Sl.NO Parameters Requirements General Requirements 1 EVSE Type AC 2 Energy Transfer Mode Conductive Input Requirements 1 AC Supply System Three-Phase, 5 Wire AC system (3Ph.+N+PE) 2 Nominal Input voltage 415V (+6% and -10%) as per IS 12360 3 Input Frequency 50Hz, ±1.5Hz 4 Input Supply Failure backup Battery backup for minimum 1 hour for the control system and billing unit. Data logs should be synchronized with CMS during back up time, in case battery drains out. Environmental Requirements 1 Ambient Temperature Range 0 to 55°C 2 Ambient Humidity 5 to 95% 3 Ambient Pressure 86 kpa to 106 kpa 4 Storage temperature 0 to 60°C Mechanical Requirements 1 Suggested Cable Security PMAO and the vehicle connector outlet to have provision for locking mechanism during charging to ensure the safety of the cable 2 Mechanical Stability Shall not be damaged by mechanical impactimpact energy: 20 J (5 kg at 0.4 m) 3 IP Ratings IP 54 4 Cooling Air-cooled or forced air-cooled to protect the equipment against temperature hazards Output Requirements 1 Number of outputs 3 2 Type of each output 230V (+6% and -10%) single-phase, 15A as per IS 12360A.C. 3 Output Details 3 Independent charging sockets, given in Annex-A 4 Output Current Three Vehicles charging simultaneously, each at 15Acurrent 5 Output Connector Compatibility IEC 60309 6 Limiting output current Circuit breaker for each outlet is limited to 15A current output. The breaker should be reset to resume operation 7 Connector Mounting Angled connector mounted looking downwards for outdooruse 8 Isolation Between Input & Output; Between all outlets with proper insulation User Interface & Display Requirements 1 ON- OFF (Start-Stop) switches Simple Push button type 2 Emergency stop switch Mushroom headed Push-button type (Red color) 3 Visual Indicators Error indication, Presence of input supply indication, Charge process indication and other relevant information 4 Display & touch-screen size Minimum 6 inches with 720 x 480 pixels 5 Display Messages EVSE should display appropriate messages for the user during the various charging states like• Vehicle plugged in / Vehicle plugged out• Idle / Charging in progress – SOC• Fault conditions; metering: units consumption; Durationsince the start of charge, Time to charge, kWh 6 User Authentication Using mobile application or User interface (OCPP gives only a field mandate, media to be used is open) 7 Metering Information Consumption Units Billing & Payment Requirements 1 Metering Metering as per units’ consumption for charging each vehicle 2 Billing Grid responsive billing 3 Payment BHIM and Bharat QR compliant mobile application payment Communication Requirements 1 Communication between EVSE and Central Server Open Charge Point Protocol (OCPP) 1.5 protocol.Should be upgraded to the next version of OCPP whenever it is released including OCPP 2.0 which is a draft version now Should enable handshaking between EVSE and CMS for discovery.It should authorize the operation before electric vehicles can start or stop charging. EVSE should respond to CMS for various queries and commands like reservation, cancellation. 2 Metering Grid responsive metering as per units’ consumption of each vehicle 3 Interface between charger and central management system(CMS) Reliable Internet Connectivity Protection & Safety Requirements 1 Safety Parameters Safety and protection to be ensured for India specific environment (As per AIS 138 Part1) 2 Start of Charging The outlet will be locked and covered, the connector will be exposed to charging only after user authentication using the user interface or mobile application. Only when the lock opens and the connector are properly connected, the switch/relay will turn ON to feed power to EV. The lock will be opened only after full charging and authentication by the user or the operator. Once disconnected, the charging session terminates 3 Power failure If there is a power failure, the user is indicated about this. The charging resumes when the power comes on. If the user wants to terminate the session during a power failure, the user can shut-off the switch and remove the plug 4 Interruption of Charging O Connector terminals to be mounted with temperature sensors to avoid the burning of connectors. Safety mechanism to trigger switching off the charging at temp.>80°C. In such a situation, an appropriate signal will be sent to turn the switch/relay OFF to stop the charging. Once disconnected, the charging session terminates.O If the above locking mechanism is mandated then the following point won’t be required: If the plug is taken out (for more than 2 seconds) and then reinserted for charging, the charging-session will disconnect. A new session will be required to continue charging to ensure that no one can remove a vehicle being charged and insert their own cable and use the infrastructurewithout paying or at someone else’s account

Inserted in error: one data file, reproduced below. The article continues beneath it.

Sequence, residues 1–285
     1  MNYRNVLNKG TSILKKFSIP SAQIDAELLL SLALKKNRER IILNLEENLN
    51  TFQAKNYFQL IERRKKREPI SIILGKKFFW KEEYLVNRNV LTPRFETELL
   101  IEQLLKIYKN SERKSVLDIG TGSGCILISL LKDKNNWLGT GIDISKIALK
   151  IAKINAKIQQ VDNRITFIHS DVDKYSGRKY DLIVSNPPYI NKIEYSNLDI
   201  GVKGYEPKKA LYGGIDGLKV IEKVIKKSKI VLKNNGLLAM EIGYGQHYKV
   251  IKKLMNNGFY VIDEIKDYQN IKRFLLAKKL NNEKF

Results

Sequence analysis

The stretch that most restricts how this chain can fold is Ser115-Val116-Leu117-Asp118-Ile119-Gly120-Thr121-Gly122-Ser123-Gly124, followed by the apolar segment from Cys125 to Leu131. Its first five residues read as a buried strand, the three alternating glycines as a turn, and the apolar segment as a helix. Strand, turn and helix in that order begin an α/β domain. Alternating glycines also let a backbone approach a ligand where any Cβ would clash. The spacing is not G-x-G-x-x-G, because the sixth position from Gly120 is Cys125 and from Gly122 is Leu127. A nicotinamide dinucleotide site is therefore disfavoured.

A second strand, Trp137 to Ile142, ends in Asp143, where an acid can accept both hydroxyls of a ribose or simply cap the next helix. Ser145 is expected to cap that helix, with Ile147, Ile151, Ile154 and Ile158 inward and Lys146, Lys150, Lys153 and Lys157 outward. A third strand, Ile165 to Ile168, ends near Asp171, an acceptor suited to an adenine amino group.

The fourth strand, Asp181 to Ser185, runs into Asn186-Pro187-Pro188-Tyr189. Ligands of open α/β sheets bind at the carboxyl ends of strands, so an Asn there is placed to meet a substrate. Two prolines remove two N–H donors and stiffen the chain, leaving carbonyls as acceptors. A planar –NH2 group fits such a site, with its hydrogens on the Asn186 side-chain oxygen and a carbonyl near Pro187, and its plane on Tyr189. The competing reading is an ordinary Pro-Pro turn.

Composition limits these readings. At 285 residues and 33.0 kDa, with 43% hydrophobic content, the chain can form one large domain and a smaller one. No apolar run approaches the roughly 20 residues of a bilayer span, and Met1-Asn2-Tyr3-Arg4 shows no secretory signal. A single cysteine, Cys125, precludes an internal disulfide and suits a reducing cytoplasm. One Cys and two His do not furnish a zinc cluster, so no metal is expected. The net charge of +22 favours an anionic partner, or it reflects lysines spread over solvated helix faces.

Bharat AC001 Specification
Know more on the EV charging ecosystem in India from: Components of EVSE | Bharath DC001 | Bharat AC001 | EVSE Growth Trends | Battery Swapping Growth Trends | EVSE Cost components | EVSE installation costs | Battery swapping in India | Indian EVSE Stakeholders | Charger Standards | Current Indian EVSE status | EVSE Challenges | EVSE during 2020-2030 |